How Hearthstone Faded From the Spotlight
Hearthstone feels like it has been around forever, and despite its waning influence and popularity, it has played a massive part in the development of Esports. While games like MtG, Yugioh, and the Pokemon TCG dominated the physical competitive TCG space, players were left clamoring for a true online, digital option.
Each of these mainstream brands offered online alternatives, but none of them ever did anything with them, leaving the market wide open for Blizzard to swoop in with Hearthstone.
Hearthstone was the first major online competitive card game, (notice how there is no trading in there), and helped in garnering the genre some serious attention, both from the mainstream masses, and the collectives of competitors already buzzing about the Esports scene.
However, when the honeymoon phase was over and people began to look at Hearthstone with a critical eye, the cracks in the formula began to become apparent, and over time more and more players left the scene looking for newer, and greener, pastures.
There were a few main criticisms leveled at Hearthstone, with the two big ones being the price of cards and the RNG element of high-tier competitive play. Diehard fans of the game try to brush these off by comparing them to IRL examples of card games, with the whole MtG can cost thousands, and all card games have luck, but there are big differences.
Firstly, when you drop big bucks on magic, you are investing. Cards are a currency in and of themselves, and if needs be, you can always sell a card you buy on to get back some of the hard-earned dollars you spent on it. You don’t have that luxury with Hearthstone.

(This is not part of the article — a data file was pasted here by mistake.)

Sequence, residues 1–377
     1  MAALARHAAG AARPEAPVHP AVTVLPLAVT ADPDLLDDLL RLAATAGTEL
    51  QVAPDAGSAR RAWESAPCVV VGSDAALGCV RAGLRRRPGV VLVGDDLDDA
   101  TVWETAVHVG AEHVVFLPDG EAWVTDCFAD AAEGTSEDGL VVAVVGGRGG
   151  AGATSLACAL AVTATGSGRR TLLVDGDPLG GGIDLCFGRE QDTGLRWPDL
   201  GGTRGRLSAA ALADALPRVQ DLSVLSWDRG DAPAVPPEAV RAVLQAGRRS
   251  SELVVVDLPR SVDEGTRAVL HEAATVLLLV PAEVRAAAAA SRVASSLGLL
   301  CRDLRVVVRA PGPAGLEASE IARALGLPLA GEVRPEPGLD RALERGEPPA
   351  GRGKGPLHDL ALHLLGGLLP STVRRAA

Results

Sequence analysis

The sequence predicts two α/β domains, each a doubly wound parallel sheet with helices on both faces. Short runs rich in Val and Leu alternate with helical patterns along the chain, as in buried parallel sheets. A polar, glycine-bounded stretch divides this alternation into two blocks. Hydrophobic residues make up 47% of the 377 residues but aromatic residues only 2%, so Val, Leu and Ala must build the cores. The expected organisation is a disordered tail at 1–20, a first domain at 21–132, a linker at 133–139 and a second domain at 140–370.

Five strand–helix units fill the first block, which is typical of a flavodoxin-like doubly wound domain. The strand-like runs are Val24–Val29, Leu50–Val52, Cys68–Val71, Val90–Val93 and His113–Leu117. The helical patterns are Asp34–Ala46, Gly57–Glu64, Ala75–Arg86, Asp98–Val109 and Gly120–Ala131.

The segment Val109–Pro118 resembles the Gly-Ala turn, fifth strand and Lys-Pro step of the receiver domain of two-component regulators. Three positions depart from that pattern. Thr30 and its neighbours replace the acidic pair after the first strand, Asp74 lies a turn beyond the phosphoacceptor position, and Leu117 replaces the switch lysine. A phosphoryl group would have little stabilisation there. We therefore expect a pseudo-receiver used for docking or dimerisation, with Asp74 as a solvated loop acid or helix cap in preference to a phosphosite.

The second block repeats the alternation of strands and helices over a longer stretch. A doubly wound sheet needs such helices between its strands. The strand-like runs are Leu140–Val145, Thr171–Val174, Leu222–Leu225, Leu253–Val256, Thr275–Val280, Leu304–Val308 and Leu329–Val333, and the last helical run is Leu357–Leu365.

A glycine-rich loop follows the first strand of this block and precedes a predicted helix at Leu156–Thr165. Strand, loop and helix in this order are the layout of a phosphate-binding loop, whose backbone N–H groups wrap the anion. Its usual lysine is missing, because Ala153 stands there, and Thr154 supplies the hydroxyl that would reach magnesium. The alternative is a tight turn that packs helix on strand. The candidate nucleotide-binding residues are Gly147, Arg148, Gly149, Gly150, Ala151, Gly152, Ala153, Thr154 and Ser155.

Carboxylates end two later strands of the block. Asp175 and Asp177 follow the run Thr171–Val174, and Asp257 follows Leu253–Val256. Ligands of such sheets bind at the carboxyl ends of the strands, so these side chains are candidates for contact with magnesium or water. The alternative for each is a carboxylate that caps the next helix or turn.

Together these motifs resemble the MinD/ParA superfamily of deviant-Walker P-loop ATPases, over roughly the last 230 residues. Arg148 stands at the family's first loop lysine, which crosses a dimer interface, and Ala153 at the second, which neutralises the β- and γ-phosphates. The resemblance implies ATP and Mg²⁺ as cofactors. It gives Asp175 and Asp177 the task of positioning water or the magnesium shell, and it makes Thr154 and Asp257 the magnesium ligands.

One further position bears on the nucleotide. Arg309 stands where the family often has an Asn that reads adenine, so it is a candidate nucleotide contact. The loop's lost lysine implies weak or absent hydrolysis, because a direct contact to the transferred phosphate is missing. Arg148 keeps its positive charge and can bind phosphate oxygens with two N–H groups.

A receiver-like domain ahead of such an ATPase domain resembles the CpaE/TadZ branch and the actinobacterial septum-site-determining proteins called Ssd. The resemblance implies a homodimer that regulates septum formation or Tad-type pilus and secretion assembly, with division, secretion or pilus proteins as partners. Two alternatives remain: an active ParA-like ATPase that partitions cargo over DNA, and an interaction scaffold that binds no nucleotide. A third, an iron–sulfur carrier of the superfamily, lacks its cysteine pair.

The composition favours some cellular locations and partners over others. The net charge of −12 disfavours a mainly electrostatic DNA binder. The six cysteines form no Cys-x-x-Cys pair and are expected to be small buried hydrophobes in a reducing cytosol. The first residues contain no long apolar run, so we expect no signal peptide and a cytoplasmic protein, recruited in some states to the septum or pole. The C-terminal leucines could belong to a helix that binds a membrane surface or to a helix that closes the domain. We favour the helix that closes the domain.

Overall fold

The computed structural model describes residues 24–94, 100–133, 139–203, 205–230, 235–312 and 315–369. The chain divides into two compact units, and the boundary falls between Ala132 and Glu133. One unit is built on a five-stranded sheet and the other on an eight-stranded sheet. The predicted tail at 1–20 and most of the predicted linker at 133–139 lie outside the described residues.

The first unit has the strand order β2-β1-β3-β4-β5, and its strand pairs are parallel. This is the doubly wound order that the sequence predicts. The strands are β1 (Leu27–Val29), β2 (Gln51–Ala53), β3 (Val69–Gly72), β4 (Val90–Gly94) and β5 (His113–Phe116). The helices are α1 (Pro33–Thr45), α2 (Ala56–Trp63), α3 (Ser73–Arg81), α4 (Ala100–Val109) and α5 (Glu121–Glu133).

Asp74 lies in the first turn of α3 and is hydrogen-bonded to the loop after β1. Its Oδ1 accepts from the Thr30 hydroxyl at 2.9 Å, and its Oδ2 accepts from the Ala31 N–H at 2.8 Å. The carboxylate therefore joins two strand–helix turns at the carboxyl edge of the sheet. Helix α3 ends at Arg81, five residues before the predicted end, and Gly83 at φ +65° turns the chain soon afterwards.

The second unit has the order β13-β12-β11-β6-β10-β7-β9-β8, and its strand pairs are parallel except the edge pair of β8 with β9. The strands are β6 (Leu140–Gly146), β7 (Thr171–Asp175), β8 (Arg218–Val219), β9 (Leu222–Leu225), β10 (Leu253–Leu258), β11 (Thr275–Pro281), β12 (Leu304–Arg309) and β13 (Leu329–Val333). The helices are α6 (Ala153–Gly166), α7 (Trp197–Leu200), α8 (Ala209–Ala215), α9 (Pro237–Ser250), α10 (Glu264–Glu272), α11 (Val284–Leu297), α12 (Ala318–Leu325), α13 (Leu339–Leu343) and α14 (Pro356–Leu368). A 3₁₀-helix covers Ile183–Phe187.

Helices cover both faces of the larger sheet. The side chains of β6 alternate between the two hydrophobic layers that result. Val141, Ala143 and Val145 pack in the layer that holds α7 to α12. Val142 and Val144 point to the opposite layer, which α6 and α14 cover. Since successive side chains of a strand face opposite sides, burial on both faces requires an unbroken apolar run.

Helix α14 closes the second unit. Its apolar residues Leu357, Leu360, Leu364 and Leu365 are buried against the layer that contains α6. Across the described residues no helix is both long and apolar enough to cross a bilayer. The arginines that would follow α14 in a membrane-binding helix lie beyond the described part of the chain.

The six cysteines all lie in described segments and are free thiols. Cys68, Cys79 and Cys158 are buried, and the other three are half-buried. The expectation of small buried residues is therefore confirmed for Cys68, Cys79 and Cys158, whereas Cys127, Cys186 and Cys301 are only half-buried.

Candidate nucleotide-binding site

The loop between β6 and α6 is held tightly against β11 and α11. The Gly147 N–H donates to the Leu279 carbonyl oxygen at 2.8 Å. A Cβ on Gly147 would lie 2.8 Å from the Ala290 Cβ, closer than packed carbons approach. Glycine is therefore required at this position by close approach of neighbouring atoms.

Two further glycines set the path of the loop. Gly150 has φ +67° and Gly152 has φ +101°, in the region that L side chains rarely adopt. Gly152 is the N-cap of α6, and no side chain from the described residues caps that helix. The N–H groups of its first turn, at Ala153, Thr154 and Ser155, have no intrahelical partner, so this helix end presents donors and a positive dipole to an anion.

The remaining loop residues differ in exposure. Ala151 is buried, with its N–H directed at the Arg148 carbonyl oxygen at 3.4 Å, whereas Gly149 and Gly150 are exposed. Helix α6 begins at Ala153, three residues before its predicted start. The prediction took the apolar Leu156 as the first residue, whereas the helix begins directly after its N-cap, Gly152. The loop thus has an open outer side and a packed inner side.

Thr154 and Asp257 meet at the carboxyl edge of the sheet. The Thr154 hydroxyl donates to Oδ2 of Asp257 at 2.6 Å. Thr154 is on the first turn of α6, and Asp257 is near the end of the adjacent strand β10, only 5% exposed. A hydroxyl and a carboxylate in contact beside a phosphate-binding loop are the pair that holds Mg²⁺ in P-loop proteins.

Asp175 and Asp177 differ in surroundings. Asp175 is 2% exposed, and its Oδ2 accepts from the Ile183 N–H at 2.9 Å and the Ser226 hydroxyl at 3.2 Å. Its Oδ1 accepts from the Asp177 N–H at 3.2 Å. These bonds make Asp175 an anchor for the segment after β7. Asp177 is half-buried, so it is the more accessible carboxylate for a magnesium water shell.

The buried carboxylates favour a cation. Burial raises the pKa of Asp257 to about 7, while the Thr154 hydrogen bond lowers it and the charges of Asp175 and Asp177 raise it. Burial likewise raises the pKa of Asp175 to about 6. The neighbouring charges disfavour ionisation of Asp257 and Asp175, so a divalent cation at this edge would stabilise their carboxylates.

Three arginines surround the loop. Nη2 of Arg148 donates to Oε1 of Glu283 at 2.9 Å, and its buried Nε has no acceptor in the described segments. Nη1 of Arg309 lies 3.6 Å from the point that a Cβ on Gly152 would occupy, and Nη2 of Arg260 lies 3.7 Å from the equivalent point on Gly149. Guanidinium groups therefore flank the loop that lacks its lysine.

Secondly, and more importantly, you can buy singles of physical cards. You can go online, type in a card name, and buy it. With Hearthstone, you have to drop what could end up being hundreds of dollars to pull a card you’re looking for, or trade-up four cards of equal value just to get one back, all of which you can’t liquidate.
Then when it comes to RNG, you need to understand the Meta in which Hearthstone resides compared to other card games. Pokemon, Yugioh, and MtG have all been around for far longer than Hearthstone, and have all had the opportunity to develop the game to the point that each one needs to be at. The biggest development, being the focus on draw engines.
Card games are all about resource management, and, simply put, the more resources you have, the more likely you are to win. Old school card game developers understand this, and each of the three games I mentioned above focuses heavily on it.
In Pokemon, you can draw upwards of half your deck in a few turns if you build it right. In Yugioh, being up a card is so powerful that the plus one pot of greed card has been banned for years, and with MtG, there are a million and one ways to draw.
Point being, that Hearthstone doesn’t have this same focus on draw engines, which is what ultimately led to the belief that it was a luck-based game, and saw the exodus of players that it had.